Dreadnoughts to Greyhounds: Ships of the U.S. Navy
From Battleships to Harbor Tugs 

Although only modestly-sized during the greater part of the pre-war years, especially when compared to the Royal Navy and the Imperial Japanese Navy, the U.S. fleet could rely on the vast economic resources and capabilities of the U.S. industry. When in 1940, the Two-Ocean law was passed by Congress, the route was set to the construction of the largest and most capable fleet yet seen on the world's oceans. 

With over 3000 combattant vessels in service by 1945, the U.S. Navy had used the war to construct the most awe-inspiring force of all. It had built two dozen new fleet carriers; over a hundred escort carriers; many dozen cruisers; hundreds of destroyers; hundreds of submarines; and thousands of small PT-Boats, subchasers, amphibious craft, adapated merchant vessels, etc.etc.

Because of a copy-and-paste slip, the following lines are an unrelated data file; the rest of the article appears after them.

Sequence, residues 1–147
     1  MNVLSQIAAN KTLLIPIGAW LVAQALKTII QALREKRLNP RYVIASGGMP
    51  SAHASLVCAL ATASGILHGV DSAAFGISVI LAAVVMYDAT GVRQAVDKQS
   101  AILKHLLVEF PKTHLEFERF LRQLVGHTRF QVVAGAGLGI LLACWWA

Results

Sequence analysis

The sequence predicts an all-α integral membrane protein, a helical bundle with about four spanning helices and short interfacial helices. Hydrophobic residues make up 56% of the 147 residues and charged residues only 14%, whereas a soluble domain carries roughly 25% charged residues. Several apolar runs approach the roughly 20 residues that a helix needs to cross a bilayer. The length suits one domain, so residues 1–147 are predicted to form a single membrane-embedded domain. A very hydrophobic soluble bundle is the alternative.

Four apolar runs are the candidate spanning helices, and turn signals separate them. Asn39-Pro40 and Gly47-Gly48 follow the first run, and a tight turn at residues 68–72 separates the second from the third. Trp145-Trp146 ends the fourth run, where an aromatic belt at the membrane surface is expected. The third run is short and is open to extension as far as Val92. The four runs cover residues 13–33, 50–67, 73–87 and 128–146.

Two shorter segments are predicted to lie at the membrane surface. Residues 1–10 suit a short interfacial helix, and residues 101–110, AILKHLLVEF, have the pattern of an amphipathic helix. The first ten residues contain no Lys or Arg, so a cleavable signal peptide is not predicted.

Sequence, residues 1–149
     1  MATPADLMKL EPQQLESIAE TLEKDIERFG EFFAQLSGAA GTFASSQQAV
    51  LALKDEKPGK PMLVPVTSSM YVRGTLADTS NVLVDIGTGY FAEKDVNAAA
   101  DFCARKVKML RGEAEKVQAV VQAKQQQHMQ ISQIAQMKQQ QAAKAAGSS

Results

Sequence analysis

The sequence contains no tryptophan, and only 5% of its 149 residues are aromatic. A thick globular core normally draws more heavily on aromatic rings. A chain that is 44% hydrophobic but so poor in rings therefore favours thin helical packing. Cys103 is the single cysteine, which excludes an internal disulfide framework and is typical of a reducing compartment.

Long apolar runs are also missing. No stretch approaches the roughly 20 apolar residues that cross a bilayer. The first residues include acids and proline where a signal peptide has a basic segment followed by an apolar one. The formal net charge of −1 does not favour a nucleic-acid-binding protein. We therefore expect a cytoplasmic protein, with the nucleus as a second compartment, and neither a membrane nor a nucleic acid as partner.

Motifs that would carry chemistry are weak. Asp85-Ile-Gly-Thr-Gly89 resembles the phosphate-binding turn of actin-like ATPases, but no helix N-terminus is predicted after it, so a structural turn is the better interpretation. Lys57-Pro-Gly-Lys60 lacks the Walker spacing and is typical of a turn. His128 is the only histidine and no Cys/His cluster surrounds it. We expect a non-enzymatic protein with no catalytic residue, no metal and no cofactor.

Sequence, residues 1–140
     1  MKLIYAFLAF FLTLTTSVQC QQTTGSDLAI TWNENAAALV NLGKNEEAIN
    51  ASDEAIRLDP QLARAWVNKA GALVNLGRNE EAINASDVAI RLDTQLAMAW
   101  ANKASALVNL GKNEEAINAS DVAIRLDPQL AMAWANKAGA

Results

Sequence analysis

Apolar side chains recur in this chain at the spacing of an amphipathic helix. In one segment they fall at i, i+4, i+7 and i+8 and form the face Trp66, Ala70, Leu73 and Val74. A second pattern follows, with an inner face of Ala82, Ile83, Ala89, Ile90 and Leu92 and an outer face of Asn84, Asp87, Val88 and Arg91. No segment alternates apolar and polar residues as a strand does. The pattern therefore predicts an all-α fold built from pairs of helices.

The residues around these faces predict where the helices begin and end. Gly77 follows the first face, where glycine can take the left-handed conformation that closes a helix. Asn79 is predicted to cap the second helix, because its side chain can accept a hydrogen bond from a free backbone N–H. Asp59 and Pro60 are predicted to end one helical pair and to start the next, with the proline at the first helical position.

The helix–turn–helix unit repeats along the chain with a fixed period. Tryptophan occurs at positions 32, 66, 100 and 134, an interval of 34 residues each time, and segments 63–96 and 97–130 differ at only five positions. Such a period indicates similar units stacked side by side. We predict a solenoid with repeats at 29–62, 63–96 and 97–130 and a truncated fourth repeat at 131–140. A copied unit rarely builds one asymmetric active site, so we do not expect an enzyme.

This section is devoted to exploring the designs of the fleet units that fought in World War II and to evaluate their construction and service histories.

Introduction to Anti-Air Armament Development of U.S. Warships
by Keith E. Allen
Aircraft Carriers
Small Combattants
Amphibious Vessels
Auxilliary Ships